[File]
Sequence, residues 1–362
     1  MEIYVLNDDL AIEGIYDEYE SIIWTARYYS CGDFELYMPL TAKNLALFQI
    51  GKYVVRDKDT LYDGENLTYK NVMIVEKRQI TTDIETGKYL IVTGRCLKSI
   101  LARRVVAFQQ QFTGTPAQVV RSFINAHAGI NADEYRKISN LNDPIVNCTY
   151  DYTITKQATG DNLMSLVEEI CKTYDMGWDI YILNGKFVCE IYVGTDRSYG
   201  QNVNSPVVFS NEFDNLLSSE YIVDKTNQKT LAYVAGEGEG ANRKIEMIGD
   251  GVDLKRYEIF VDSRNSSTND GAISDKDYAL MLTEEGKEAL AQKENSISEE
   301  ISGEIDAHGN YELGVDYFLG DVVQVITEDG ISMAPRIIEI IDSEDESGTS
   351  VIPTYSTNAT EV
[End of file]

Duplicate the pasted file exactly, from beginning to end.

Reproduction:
Sequence, residues 1–362
     1  MEIYVLNDDL AIEGIYDEYE SIIWTARYYS CGDFELYMPL TAKNLALFQI
    51  GKYVVRDKDT LYDGENLTYK NVMIVEKRQI TTDIETGKYL IVTGRCLKSI
   101  LARRVVAFQQ QFTGTPAQVV RSFINAHAGI NADEYRKISN LNDPIVNCTY
   151  DYTITKQATG DNLMSLVEEI CKTYDMGWDI YILNGKFVCE IYVGTDRSYG
   201  QNVNSPVVFS NEFDNLLSSE YIVDKTNQKT LAYVAGEGEG ANRKIEMIGD
   251  GVDLKRYEIF VDSRNSSTND GAISDKDYAL MLTEEGKEAL AQKENSISEE
   301  ISGEIDAHGN YELGVDYFLG DVVQVITEDG ISMAPRIIEI IDSEDESGTS
   351  VIPTYSTNAT EV